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Bessie Smith: The Rough and Tumble “Empress of Blues”<br />
Born in Turbulent Times<br />Bessie Smith was born in Chattanooga, Tennessee in 1894, only two years after the Plessy v. F...
Early Career<br />Getting her start singing on street corners in Chattanooga, TN as a young girl, Bessie Smith would event...
Bessie’s Big Break<br /> By the 1920’s, when Jazz was taking the country by storm, Bessie Smith was a major headliner in a...
Becoming the “Empress”<br />Bessie Smith earned the title of “Empress of the Blues” by virtue of her forceful vocal delive...
Backwater Blues<br />When it rains five days and the skies turn dark as nightWhen it rains five days and the skies turn da...
Kitchen Man<br />Madam Bucks	                 Wild about his turnip top,        		Oh, how that boy can open clams,<br />Wa...
Nobody Knows When You’re Down and Out<br />Once I lived the life of a millionaireSpending my money, I didn't careI carried...
On Stage and Behind the Mic<br />Bessie’s presence was profound on stage as she was an all-around entertainer who danced, ...
Off Stage…<br />Bessie Smith was infamous for her whisky drinking, carousing, fighting, and yelling. <br />Continuously te...
A Constant Threat<br />As a traveling black blues woman in the 1920’s and 1930’s Smith had no choice but to stand strong a...
“Strange Fruit”<br />The post-Reconstruction era was not only a time of classical blues, but also a period of brutal and m...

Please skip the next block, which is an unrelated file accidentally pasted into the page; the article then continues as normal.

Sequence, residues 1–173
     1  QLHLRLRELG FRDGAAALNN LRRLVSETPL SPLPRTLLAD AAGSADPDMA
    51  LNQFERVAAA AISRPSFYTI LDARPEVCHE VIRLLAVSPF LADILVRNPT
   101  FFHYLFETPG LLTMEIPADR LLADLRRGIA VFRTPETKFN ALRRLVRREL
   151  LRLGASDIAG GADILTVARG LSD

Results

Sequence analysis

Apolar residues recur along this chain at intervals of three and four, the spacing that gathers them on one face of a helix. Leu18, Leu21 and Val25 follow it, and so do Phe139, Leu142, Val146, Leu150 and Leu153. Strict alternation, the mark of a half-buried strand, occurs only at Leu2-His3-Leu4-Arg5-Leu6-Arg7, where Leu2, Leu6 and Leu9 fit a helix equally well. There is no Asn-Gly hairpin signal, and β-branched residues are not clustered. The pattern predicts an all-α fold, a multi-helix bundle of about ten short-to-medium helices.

Lynching from 1920<br />
Controversial Ending<br />On September 26, 1937 Bessie’s life came to an abrupt end and the controversial story of her dea...
The Music and Legacy Lives On<br />Smith has left behind a rich and influential legacy of over 160 vocal records cut withi...
Bessie Smith: The Rough and Tumble "Empress of Blues"
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Bessie Smith: The Rough and Tumble "Empress of Blues"

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Bessie Smith: The Rough and Tumble "Empress of Blues"

  1. 1. Bessie Smith: The Rough and Tumble “Empress of Blues”<br />
  2. 2. Born in Turbulent Times<br />Bessie Smith was born in Chattanooga, Tennessee in 1894, only two years after the Plessy v. Ferguson decision which mandated a “separate but equal” approach to the public sphere of the South. <br />Very little is known about the early life of Smith aside from the fact that she, along with her seven brothers and sisters, were orphans by the time Bessie was nine. <br />Smith and her siblings suffered from extreme poverty and it was within music that Bessie found her salvation.<br />
  3. 3. Early Career<br />Getting her start singing on street corners in Chattanooga, TN as a young girl, Bessie Smith would eventually join the Moses Strokes Traveling Show as a dancer (rather than a singer) in 1912. <br />The famous duo Ma and Pa Rainey were part of the troupe at the time of Smith’s induction; providing Bessie with exposure to powerful talent at the early stages of her professional career.<br /> <br />
  4. 4. Bessie’s Big Break<br /> By the 1920’s, when Jazz was taking the country by storm, Bessie Smith was a major headliner in all-black shows across the South, eventually catching the eye of Clarence Williams, a song-writer and businessman from New York City. <br />In 1923, Smith signed with Columbia Records. It was the recording that Smith and Williams produced together, Down-Hearted Blues, that skyrocketed Smith to the highest ranks of black performing artists of the time. <br />